So far, the assumptions of the model have been very general. Let us now consider a specific example, built on the idea that newly formed mutations have a high fitness but that this drops drastically after a specified time (a second example based on the idea of a continuous deterioration of fitness is found in section S4, File S1). Or in more formal terms: Let the mutant type retain fitness 1 + *s* until and including generation *T* – 1, when fitness falls to 1 – *z* for all consecutive generations (*z* > μ). In addition, assume that the mutation rate is very small and that (1 + *s*)^{T}^{−1} can be approximated by 1 + (*T* – 1)*s*. Then the average strength of selection against the mutant type becomes*s*, as long as *s* is small relative to *z*. Indeed, if the positive effect of the new mutation is not very great and stays fixed for many generations before fitness plunges to a strongly deleterious state, then the mean selection coefficient (9) becomes close to *T*^{−1}. In this situation, the time structure of the model rather than the relationship between *s* and *z* determines the properties of the equilibrium population. A numerical example of this effect is given as supporting information (see section S2, File S1; and Table S1).

A key assumption in the general model, and also in this investigated special case, is that all changes in mutant fitness occur deterministically in time. The importance of this assumption is shown by the following model extension: Let the time to fitness drop, *T*, be a random variable with a geometric distribution. Denote the mean of the distribution *E(T)*; this value then equals the inverse of the probability for fitness to drop per generation.

Now the condition for the population to move to a mutation–selection balance becomes*s*, and the earlier derived condition for stability that is independent of the quantitative relationship between these parameters and requires only that the drop occurs in finite time. The reason for this discrepancy is that the rate with which mutants drop to their deleterious state in the stochastic case must be large enough to keep pace with their constantly growing number, while no such condition is necessary in the deterministic situation, where *all* positive mutations—irrespective of their number—become deleterious at a specific moment in time. For μ << *s* << 1 condition (10) becomes *E(T)* < *s*^{−1}, which supports this interpretation.

## On probabilities of fixation and fitness estimates

So far the analysis has been made under the assumption of an infinite population size. The important new factor that a finite population size brings to our investigation is the possibility that a mutation of the considered kind may go to fixation. Using simulations I have studied the probability of this occurring. The results can be summarized as follows (see also Table S2 and Table S3): Barring very rare events, a mutation of the considered kind will go to fixation only if it manages to do so before its fitness falls below the normal fitness value. The fixation probability of a new positive mutation is approximately 2*s* (Haldane 1927, based on Fisher 1922), with the mean time to fixation being strongly related to the inverse strength of selection, *s*^{−1}. Thus, mutations of the kind studied here are most likely to become fixed if their initial advantage is strong and this advantage lasts for a sufficiently long time. As expected, in the one-step fitness drop example this implies that the size of *s* becomes much more important for the probability of fixation than the size of *z* (see section S5, File S1; and Figure S1).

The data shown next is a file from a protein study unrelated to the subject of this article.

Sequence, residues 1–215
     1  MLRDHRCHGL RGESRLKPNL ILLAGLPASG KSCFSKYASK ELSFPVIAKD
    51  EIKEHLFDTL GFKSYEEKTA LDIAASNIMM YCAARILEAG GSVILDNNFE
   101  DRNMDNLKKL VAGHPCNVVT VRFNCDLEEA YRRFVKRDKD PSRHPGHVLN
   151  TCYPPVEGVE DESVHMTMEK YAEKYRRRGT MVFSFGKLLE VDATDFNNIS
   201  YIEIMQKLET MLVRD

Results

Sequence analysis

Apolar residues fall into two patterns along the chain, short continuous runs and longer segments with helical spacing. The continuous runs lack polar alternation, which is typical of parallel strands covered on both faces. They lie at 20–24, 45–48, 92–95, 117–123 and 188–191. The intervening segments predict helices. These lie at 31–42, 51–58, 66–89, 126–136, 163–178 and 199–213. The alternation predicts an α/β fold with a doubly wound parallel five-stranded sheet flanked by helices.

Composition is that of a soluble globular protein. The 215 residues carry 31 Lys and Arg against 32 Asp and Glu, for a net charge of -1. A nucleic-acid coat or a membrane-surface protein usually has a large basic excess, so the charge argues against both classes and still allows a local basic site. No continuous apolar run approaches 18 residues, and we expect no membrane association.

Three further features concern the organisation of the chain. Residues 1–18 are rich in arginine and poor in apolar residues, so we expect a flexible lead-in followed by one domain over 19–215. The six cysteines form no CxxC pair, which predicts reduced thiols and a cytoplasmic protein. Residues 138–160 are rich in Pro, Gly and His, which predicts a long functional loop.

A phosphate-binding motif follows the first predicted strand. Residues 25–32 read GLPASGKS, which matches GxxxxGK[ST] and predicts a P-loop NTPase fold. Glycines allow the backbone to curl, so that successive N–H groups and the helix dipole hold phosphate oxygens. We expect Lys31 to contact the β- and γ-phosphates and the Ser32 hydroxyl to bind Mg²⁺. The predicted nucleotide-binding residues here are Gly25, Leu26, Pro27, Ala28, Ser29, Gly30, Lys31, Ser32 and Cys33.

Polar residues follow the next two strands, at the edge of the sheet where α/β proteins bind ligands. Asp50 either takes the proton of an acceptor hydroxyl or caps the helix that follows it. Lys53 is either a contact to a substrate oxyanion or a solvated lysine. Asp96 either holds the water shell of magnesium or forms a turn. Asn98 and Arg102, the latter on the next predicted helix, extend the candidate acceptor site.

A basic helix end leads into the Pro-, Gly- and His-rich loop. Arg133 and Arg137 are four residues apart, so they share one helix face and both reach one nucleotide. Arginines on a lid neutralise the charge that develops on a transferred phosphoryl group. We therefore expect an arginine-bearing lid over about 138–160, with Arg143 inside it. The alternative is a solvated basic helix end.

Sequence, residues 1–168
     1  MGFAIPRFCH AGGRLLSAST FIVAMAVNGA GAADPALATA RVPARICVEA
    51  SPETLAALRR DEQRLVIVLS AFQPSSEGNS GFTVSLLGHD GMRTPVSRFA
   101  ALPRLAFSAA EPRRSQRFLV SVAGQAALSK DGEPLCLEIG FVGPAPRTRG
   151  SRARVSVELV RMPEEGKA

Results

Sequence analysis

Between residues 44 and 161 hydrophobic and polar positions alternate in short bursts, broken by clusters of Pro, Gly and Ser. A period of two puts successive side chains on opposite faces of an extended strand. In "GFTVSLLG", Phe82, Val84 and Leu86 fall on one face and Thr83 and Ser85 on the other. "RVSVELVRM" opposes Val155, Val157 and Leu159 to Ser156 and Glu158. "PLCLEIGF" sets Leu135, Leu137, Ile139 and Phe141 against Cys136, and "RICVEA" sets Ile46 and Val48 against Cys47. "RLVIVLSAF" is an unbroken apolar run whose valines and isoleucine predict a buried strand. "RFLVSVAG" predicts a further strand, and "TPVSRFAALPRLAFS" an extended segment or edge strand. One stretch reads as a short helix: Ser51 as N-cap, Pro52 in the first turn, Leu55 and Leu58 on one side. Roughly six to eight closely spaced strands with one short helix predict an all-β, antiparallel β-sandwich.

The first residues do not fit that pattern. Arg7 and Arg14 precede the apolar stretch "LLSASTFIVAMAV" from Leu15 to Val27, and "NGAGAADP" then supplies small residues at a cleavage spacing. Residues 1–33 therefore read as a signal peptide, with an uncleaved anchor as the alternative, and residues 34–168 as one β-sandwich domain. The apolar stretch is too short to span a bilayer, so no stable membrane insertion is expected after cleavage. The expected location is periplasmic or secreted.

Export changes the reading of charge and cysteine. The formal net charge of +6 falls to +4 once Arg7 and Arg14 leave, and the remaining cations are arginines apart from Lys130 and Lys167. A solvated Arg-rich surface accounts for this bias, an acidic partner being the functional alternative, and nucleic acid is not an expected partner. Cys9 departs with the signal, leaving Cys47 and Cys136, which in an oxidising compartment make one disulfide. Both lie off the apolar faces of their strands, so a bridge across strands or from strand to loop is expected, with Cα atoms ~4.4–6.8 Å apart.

In general, positive but deteriorating mutations will be difficult to recognize as such in nature. Above is shown that the most common class of mutants will have fitness close to normal. In addition, the fixation simulations demonstrated that the mean fitness of mutants that ultimately become lost due to genetic drift is not only close to normal but often greater than normal (see section S5, File S1).

However, from expression (8) above is seen that the mean coefficient of selection against mutants can be estimated from the relative frequency of new mutations among mutant newborn (among *N* newborn, μ*N* are new mutants among a total number of (μ/σ)*N* mutant newborn; from this follows that their proportion is σ). Thus, given that parental relationships can be established, this method may function as a way to comprehend more complex fitness relationships for recurrent mutations.

## Acknowledgments

I acknowledge encouragement and help from Torbjörn Säll and Freddy B. Christiansen. Thanks also go to Sofia Adolfsson, who developed an earlier version of the program used for the fixation simulations, and the reviewers. The work has been supported in parts by the Nilsson-Ehle Fund and the Trygger Foundation.

## Footnotes

*Communicating editor: L. M. Wahl*

- Received March 25, 2012.
- Accepted May 11, 2012.

- Copyright © 2012 by the Genetics Society of America

Available freely online through the author-supported open access option.